• The proficiency test serves ONLY to determine whether you fulfill the General Education "Language Other Than English" requirement. No academic credit is awarded. To pass, you must demonstrate satisfactory performance in listening comprehension, reading comprehension, and writing. Superior performance in one skill does not compensate for inadequate performance in another skill. (Speaking is optional. If you choose to do the speaking tasks, your speech sample will not count towards your grade on the exam.) When you sit for the test, you will select either Simplified or Traditional characters. There are four versions of the exam corresponding to the various levels of language proficiency that an academic program or College requires. Since you have only one opportunity to take the Chinese Proficiency Test, you should confirm with your academic advisor which level of proficiency you need to demonstrate before you register to test.

French

This test consists of 88 multiple-choice questions that primarily assess your vocabulary, grammar, writing knowledge, and reading comprehension abilities. It covers material through the fourth level. There is no listening comprehension section, no speaking, and no essay. Strong performance can earn either 4 hours for FR 103 or 8 hours for FR 103 and FR 104. The test is offered in a group setting at the beginning of each fall and spring semester and is open to both new students and continuing students. There is no fee to take the test in a group setting.

Japanese

This 90-minute test consists of an oral interview (approximately 10-15 minutes), a short essay (15 minutes), and 107 multiple-choice questions that primarily assess your vocabulary, grammar, reading comprehension, and writing knowledge (60 minutes). The written test is a paper-and-pencil test. You should budget at least two hours for testing; due to the number of test-takers, it is not possible to guarantee how soon you will be finished. Strong performance does not earn you academic credit but can fulfill the General Education language requirement. The test is offered in a group setting at the beginning of each fall and spring semester and is open to both new students and continuing students. There is no fee to take the test.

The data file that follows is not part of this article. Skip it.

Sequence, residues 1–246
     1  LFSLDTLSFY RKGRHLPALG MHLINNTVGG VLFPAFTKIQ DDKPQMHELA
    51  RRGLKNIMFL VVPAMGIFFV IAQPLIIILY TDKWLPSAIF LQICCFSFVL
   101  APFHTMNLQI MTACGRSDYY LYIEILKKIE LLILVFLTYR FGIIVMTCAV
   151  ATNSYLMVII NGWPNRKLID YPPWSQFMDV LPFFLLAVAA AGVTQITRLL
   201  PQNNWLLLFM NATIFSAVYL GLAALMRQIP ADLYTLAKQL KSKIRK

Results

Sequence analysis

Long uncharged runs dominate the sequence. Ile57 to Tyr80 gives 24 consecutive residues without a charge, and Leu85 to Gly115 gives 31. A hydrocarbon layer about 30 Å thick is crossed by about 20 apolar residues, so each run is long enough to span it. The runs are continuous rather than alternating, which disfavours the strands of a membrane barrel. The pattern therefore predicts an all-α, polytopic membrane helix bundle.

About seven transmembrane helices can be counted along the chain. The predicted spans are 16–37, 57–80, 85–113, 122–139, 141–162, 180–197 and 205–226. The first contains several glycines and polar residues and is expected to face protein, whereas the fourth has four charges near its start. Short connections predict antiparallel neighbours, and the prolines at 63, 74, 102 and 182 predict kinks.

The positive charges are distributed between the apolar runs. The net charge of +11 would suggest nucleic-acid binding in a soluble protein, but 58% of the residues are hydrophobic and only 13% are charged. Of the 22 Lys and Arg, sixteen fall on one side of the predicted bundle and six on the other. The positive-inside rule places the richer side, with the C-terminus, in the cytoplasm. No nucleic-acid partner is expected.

Korean

This 2-hour online test is administered in a computer lab in the Foreign Languages Building. It is semi-adaptive, which means that your score on one part determines which part you do next. There are 6 parts assessing vocabulary, grammar, reading comprehension, listening comprehension, and writing ability. There is also a speaking part that tests your oral ability from the elementary through the advanced level. Although the writing tasks are shown on screen, you will hand-write your responses. Strong performance does not earn you academic credit but can fulfill the General Education language requirement. If you do not place out of all Korean language courses, an appropriate Korean course will be recommended for you. The test is offered in a group setting at the beginning of each fall and spring semester and is open to both new students and continuing students. There is no fee to take the test.

Spanish

This 70-minute test consists of 57 multiple-choice questions that primarily assess your vocabulary, grammar, writing knowledge, and reading comprehension abilities. It covers material through the fourth level. There is no listening comprehension section, no speaking, and no essay. Strong performance can earn either 4 hours for SPAN 130 or 8 hours for SPAN 130 and SPAN 141. The test is offered in a group setting at the beginning of each fall and spring semester and is open to both new students and continuing students. There is no fee to take the test in a group setting.